You need to manage your fund’s investments separately from the personal or business investments of members, including your own. This includes ensuring the fund has clear ownership of its investment assets.
Duration 2.20. A transcript of Separation of assets is also available.
To protect fund assets in the event of a creditor dispute, and prevent costly legal action to prove who owns them, assets should be recorded in a way that:
- distinguishes them from your personal or business assets
- clearly shows legal ownership by the fund.
Fund assets (other than money) should be held in the name of either:
- the individual trustees 'as trustees for' the fund
- the corporate trustee 'as trustee for' the fund.
The assets can't be held in the name of a trustee or a member as an individual. Nor can they be held by a standard employer-sponsor or their associate.
In some circumstances, assets of the fund can be leased to a related party of your fund, such as business real property and in-house assets. There are restrictions on the types of assets your fund can invest in. It’s a good idea to speak to an SMSF professionals to make sure your investments comply with the law.
The easiest way to comply with the ownership rules is for your fund to have a company set up solely for the purposes of being the corporate trustee of the fund.
If there is a change in directors of the company, you don't have to change the name on the ownership documents for each fund asset as the trustee of the fund has not changed. A separate corporate trustee reduces the chance of personal assets becoming intermingled with fund assets.
If an individual trustee joins or leaves your SMSF you must change the names on the ownership documents (such as a title deed) for each fund asset. Document this change in your records, along with clear evidence to support the fund's ownership of the asset.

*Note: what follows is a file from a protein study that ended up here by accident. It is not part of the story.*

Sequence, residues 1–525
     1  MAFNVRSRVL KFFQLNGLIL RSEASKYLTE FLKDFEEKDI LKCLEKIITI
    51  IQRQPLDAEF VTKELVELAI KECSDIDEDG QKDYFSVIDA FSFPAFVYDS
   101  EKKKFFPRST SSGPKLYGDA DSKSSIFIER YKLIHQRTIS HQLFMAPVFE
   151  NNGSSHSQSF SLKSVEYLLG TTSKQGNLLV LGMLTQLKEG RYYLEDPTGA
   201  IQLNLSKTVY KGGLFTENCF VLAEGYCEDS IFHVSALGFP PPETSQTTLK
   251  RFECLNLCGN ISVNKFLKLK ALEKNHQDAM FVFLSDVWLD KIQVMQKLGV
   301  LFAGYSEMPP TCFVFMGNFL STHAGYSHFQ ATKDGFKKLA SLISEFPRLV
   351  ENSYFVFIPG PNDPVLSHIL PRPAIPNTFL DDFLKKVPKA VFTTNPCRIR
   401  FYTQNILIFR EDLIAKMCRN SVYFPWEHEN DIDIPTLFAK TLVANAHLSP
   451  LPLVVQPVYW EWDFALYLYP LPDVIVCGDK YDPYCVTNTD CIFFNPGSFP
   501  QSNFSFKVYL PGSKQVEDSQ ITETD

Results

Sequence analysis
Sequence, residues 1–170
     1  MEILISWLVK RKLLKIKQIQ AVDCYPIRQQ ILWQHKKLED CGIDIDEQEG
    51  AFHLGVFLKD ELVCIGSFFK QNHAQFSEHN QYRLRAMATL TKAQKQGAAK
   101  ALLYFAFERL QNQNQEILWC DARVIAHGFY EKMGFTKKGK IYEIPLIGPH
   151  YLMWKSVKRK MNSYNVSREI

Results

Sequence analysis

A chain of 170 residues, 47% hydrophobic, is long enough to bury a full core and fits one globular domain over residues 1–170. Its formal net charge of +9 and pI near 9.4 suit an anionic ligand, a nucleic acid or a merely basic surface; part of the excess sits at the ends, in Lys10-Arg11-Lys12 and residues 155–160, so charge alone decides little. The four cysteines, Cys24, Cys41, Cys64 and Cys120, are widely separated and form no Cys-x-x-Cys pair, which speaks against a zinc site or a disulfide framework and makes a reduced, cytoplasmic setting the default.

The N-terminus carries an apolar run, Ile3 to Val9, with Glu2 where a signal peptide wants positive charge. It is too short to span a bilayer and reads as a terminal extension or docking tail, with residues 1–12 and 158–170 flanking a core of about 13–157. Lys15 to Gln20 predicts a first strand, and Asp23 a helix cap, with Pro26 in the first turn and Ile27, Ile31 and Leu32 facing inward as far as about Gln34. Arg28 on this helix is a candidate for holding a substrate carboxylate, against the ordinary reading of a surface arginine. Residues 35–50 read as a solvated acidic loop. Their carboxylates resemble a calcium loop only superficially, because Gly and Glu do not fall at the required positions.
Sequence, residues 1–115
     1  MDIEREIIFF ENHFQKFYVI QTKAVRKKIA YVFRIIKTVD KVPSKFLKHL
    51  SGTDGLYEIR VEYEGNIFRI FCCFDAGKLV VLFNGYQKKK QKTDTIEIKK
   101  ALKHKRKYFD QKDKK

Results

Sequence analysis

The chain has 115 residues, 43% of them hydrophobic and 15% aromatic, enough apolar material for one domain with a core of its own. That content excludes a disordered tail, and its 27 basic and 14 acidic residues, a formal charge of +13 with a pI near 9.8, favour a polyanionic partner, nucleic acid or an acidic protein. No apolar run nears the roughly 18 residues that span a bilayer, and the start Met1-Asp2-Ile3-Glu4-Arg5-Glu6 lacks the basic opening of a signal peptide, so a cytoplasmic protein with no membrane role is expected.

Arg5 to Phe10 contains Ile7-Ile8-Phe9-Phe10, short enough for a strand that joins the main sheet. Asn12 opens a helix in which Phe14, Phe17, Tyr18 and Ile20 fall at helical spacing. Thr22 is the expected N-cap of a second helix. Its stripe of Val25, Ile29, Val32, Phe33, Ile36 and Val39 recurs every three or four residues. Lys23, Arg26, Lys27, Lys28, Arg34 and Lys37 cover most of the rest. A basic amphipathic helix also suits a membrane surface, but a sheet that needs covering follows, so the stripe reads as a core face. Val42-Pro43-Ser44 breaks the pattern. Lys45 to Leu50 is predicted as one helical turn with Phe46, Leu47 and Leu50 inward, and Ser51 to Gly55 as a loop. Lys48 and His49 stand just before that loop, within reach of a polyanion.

Some systems, such as some share trading accounts, will not allow more than three names to be recorded on the online share application form as trustees of a super account. If there are four trustees, document the names of all individual trustees in your fund's records as owners of the shares.
An unavoidable restriction (such as state law) may prevent your SMSF from holding assets using the fund's name.
If assets cannot be held in the fund's name, ownership by the fund must be clearly established. You can do this by executing a caveat, or creating an instrument or declaration of trust to enable the fund to assert its ownership.
If possible, documents such as sale agreements should be executed in the name of the trustees 'as trustees for' the fund.
If you enter into a limited recourse borrowing arrangement, ensure correct asset ownership before and after transfer of the trust asset.You need to manage your fund’s investments separately from the personal or business investments of members, including your own. This includes ensuring that the fund has clear ownership of its investment assets.